“You have to find a new way of doing things, a new normal”



 “You have to find a new way of doing things, a new normal”

Rob Powell was diagnosed with bladder cancer at the age of 54. He shares his experience and how he has managed the side effects of his treatment.

“The first sign was a few days before Christmas 2017. My wife Louise and I were doing some Christmas shopping, and I went to the loo and noticed blood in my pee. I knew immediately that it wasn’t right and it needed sorting.

“My GP sent me to see a urologist to have it investigated. Basically, I had a camera go where cameras should never go. You could see this mushroom-like tumour on the screen, and a biopsy confirmed that it was muscle-invasive bladder cancer. That’s not the news you want to hear.

“As far as they could tell, it was contained and we had caught it in the nick of time. Treatment started quite quickly with four cycles of chemotherapy to shrink the size of the tumour. Shortly after the chemo finished, I had a radical cystectomy to remove my bladder, prostate and some other bits.

“I opted for a urinary stoma (ileal conduit), where urine passes through a channel into a bag attached directly to your body. I chose not to have a neobladder as I didn’t want to have to go through my body learning new stuff. I wanted to get on with my life.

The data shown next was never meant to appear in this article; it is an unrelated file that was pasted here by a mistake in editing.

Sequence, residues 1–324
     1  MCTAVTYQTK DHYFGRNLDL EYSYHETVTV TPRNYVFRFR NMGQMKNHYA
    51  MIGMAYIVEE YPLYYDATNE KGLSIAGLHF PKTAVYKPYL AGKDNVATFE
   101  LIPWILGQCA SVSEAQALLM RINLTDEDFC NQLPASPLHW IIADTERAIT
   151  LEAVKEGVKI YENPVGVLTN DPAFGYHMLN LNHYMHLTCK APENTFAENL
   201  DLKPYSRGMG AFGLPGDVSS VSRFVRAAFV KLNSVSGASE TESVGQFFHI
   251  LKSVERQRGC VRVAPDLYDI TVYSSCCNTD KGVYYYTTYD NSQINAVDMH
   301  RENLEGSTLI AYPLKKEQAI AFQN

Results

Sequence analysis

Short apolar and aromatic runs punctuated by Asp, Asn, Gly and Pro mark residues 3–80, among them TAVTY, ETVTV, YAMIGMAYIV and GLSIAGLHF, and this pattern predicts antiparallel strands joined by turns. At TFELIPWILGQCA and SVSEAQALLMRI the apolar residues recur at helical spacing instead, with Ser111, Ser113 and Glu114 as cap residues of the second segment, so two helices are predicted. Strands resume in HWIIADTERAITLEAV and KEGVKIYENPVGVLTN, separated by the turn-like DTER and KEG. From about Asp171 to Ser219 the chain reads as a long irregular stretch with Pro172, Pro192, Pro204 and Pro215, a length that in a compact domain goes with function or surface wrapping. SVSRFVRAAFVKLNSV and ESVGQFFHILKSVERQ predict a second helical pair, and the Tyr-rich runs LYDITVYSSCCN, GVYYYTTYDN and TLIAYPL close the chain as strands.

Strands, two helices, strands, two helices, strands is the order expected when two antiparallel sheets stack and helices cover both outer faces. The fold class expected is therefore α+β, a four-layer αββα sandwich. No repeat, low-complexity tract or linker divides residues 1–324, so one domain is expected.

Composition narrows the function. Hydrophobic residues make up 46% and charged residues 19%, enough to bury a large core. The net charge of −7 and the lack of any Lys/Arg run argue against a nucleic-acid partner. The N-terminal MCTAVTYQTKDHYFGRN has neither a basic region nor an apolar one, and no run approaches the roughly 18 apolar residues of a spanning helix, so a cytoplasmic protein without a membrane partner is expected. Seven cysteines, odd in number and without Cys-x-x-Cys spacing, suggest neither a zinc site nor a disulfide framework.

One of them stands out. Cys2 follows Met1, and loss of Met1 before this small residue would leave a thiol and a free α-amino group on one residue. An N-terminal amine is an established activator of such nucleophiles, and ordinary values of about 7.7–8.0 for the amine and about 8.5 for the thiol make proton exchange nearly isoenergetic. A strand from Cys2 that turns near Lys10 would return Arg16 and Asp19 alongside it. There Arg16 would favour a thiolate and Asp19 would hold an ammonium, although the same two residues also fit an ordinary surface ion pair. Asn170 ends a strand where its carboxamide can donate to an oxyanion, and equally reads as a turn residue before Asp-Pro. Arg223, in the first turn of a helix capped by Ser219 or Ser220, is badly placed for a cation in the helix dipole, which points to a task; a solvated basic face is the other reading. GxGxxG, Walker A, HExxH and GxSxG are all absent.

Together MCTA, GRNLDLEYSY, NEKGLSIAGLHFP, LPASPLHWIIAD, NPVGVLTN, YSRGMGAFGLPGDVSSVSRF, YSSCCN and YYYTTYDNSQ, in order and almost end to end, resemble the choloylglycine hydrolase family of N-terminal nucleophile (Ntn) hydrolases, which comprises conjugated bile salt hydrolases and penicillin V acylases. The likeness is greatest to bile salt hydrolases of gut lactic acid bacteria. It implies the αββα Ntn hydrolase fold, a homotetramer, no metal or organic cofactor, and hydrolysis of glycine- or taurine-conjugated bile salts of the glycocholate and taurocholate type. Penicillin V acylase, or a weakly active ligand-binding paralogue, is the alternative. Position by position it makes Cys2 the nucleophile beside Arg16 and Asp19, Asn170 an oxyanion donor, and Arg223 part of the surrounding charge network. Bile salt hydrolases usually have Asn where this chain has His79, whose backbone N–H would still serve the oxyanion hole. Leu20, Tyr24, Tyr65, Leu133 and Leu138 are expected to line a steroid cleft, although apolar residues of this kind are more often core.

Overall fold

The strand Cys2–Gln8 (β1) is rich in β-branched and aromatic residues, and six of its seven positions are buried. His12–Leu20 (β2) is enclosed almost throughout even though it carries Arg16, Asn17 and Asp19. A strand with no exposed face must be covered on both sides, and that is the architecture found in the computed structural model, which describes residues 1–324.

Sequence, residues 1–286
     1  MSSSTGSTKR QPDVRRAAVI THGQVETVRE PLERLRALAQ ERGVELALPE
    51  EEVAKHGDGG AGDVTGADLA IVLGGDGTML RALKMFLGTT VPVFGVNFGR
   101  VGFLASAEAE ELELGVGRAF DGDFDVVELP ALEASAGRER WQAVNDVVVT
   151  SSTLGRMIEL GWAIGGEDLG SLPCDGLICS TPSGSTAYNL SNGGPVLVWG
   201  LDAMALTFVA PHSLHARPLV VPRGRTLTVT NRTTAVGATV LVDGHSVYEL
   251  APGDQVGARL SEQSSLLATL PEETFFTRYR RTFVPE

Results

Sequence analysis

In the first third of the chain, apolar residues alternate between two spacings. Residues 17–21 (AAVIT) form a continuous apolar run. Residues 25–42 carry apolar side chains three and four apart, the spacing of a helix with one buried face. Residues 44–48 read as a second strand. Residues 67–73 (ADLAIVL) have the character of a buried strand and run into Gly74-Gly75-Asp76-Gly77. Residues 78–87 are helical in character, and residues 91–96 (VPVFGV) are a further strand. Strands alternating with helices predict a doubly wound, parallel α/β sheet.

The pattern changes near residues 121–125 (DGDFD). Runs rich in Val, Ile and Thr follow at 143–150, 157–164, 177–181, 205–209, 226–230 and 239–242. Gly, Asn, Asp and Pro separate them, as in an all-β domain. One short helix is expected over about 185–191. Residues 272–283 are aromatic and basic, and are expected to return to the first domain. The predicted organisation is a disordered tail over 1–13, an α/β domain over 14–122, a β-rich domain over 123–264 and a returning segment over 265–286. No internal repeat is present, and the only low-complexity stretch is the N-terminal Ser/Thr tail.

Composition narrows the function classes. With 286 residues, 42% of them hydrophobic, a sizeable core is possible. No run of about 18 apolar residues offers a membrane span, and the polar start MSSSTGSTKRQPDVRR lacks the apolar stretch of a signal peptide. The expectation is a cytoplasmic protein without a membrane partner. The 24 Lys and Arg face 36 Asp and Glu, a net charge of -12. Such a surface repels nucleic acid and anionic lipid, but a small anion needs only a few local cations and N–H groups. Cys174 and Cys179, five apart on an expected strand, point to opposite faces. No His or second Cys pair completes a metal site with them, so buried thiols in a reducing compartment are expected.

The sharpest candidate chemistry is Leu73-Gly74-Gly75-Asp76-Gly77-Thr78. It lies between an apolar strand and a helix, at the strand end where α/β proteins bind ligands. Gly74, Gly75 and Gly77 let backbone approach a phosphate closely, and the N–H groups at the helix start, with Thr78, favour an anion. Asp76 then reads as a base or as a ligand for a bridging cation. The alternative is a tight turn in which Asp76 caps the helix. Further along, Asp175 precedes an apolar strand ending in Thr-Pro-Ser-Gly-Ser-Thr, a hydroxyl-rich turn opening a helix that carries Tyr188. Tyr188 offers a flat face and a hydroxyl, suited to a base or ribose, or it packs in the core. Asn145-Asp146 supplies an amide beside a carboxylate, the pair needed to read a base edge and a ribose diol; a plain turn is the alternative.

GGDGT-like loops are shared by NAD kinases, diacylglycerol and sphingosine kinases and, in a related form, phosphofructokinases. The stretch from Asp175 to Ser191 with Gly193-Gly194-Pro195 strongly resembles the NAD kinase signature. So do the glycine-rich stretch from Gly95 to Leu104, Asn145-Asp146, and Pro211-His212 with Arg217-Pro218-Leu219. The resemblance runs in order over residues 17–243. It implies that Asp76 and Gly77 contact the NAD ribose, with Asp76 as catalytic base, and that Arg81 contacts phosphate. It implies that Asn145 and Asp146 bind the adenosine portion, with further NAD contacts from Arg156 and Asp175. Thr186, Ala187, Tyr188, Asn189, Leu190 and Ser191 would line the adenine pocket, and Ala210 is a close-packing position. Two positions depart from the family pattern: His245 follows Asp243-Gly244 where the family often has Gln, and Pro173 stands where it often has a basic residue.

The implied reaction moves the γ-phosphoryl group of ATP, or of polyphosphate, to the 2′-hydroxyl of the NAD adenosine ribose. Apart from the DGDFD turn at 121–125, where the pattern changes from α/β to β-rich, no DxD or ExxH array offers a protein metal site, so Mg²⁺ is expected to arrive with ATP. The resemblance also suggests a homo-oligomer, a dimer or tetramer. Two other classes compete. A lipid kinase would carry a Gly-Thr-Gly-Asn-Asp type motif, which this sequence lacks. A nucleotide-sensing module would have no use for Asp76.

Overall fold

“Bladder cancer doesn’t just affect you physically but mentally. Sexually, too – you have to find a new way of doing things, a new normal.

“When discussing my sexual function, I was referred to the urology nurses who have prescribed injections. Our sex life is not the same. The injections interrupt things, but we’re working it out for ourselves.

“My wife has been incredible through it all. My bladder cancer diagnosis didn’t just affect me, it had a huge impact on her.

“The operation had changed so many things in my life, and I didn’t want to let it beat me. I wanted to get back to things that I like doing. I was a keen cyclist previously, and so I decided to sign up to RideLondon.

“I came across The Urology Foundation on the RideLondon site as one of their affiliated charities. It was a no brainer to sign up to raise money for them.

“TUF helps the people who helped me. I was lucky – if I can help others receive the same treatment and care I had, that would be great.”